The news that the Government has announced another round of cuts to renewable sources, this time aimed at solar subsidies, has been met with shock and dismay from green campaigners. After the Renewable Obligation Subsidy cuts were announced last month, aimed at onshore wind generation, this latest revelation has heightened fears that the UK will fall behind in the race to reach its own ambitious carbon emission reduction targets.
These cuts will reduce the subsidies granted to those who wish to install solar roof panels through a review of the feed-in tariff scheme, accompanied by the launch of a consultation on controlling subsidies for solar PV of 5mw and below.
The cuts are part of a plan by the DECC to bring costs under control and stop overspending. Amber Rudd, Secretary of State for Energy and Climate Change, supports the plans, defending them against criticism that investment will be ‘chased away’.
“Our support has driven down the cost of renewable energy significantly. As costs continue to fall it becomes easier for parts of the renewables industry to survive without subsidies. We’re taking action to protect consumers, whilst protecting existing investment,” she commented this week.
Despite Rudd’s confidence, accusations of hypocrisy are rife among Green Campaigners with many questioning how a government can be so supportive of a Climate Change plan in Europe and yet dismiss domestic green policy so readily.
It is very clear to most that the books need to be balanced, and cuts are occurring in every sector to try and bring the deficit down. However, the main fear is that, through the cuts, we will be returning to a dark age of fossil fuel reliance. While renewables do receive a lot of money through government support, it is often forgotten that fossil fuels still receive an estimated £3.4 trillion worth of direct and indirect subsidy support.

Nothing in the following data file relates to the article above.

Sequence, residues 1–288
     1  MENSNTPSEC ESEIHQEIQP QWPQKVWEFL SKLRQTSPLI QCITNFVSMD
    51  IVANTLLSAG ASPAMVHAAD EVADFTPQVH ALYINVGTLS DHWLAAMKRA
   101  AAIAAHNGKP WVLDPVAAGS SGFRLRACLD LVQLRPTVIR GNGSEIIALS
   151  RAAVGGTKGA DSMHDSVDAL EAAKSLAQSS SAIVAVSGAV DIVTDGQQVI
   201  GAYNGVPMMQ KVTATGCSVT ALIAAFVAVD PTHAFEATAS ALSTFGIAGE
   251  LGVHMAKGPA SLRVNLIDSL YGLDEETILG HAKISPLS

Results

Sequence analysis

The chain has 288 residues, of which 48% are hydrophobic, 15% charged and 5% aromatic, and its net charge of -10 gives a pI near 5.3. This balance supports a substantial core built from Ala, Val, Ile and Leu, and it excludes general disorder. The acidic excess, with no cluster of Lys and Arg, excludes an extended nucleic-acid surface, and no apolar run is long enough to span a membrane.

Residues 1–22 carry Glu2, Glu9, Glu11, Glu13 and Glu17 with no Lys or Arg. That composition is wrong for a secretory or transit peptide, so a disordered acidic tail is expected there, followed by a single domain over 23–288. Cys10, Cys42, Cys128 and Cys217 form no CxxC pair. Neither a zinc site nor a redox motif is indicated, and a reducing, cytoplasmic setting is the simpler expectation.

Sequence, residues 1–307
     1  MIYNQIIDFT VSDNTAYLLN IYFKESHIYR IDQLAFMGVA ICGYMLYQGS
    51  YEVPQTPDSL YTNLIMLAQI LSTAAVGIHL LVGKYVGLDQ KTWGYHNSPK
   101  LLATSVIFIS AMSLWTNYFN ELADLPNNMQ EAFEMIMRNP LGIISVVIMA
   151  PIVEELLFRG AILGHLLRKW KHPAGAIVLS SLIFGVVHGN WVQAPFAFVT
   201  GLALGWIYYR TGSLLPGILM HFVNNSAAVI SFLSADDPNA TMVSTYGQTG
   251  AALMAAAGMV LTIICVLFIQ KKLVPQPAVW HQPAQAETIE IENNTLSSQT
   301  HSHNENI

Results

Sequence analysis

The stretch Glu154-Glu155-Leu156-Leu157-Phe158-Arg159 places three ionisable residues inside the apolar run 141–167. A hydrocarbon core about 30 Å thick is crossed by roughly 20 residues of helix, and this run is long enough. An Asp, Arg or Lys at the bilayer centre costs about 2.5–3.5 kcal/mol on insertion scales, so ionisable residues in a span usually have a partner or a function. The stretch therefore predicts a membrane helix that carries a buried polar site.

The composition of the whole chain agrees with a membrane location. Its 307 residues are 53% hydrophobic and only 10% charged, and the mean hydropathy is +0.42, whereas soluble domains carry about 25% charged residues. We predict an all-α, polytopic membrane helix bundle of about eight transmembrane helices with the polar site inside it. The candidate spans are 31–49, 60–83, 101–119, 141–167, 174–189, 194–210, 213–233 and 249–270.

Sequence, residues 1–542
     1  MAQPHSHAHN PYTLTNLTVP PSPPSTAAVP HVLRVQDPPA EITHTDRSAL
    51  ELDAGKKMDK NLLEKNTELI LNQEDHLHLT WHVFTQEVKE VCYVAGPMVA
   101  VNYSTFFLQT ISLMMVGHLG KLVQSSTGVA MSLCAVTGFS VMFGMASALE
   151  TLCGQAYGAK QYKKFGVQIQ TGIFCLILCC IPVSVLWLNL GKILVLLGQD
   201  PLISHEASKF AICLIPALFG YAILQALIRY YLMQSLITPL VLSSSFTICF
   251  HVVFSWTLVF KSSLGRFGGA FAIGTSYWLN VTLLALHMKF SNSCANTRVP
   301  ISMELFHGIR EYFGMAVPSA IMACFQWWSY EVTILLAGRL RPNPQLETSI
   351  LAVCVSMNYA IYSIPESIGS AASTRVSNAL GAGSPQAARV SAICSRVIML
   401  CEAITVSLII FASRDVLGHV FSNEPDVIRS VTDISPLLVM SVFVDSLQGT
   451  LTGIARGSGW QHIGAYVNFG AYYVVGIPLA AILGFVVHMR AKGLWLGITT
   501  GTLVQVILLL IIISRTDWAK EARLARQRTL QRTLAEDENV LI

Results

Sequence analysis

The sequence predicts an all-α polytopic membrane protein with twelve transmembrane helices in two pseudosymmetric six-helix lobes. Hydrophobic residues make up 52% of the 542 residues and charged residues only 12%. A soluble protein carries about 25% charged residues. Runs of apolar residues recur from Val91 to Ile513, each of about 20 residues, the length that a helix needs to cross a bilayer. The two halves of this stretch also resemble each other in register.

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There’s no doubt that climate change is a pressing issue, and failure to reverse its effects will have catastrophic consequences. However, are the cuts going to be as disastrous as Green campaigners assume?
In 2011, Feed-in Tariff support for solar panel installation was cut in half, as a result of the huge underestimation of uptake on the part of the government. Instead of killing solar dead (as the press at the time threatened) the installation of solar panels has continued to flourish, so will further cuts make much of a difference?
In a recent poll by YouGov, over a fifth of people wanted to see more solar power being used, showing that there is a public desire for renewable energy use. However, perhaps more interestingly, over a quarter of recipients (26%) wanted to see further use of wave and tidal energy, sources that have not yet received a subsidy cut.
The RHI Quarterly report released today (23rd July) has stated that 94% of non-Domestic Applications to the scheme are for the use of small or medium biomass boilers. In the Domestic sphere, only a quarter of applications were in regards to using biomass boilers but this still exceeded the number of applications for Solar Thermal. which only accounted for 18%.
The monthly report on the Domestic Green Deal and Energy Company Obligation has also shown no let-up in green measures being promoted. Since its launch, 1.54 million measures have been installed in 1.25 million properties across Britain, with the number of plans for installation increasing by 7% between May 2015 and June2015. Of new installations, 51% were in regards to biomass with only 12% being for solar thermal measures.
Green subsides are controlled by a Levy Control Framework which caps the amount the government can spend, from bills, on green initiatives. However, as demand rises this leads to the cap exceeding its £4.3 billion limit (even with a 20% grace margin). The overspending is largely due to the large uptake of Solar Roof Panels, showing that demand is there and it is unlikely that this demand will fall too much even if the subsidy is less generous.
The outlook therefore does not seem as destructive as first thought. Instead it seems that we should be rejoicing that the reason cuts are needed is possibly because the subsidies have been too successful.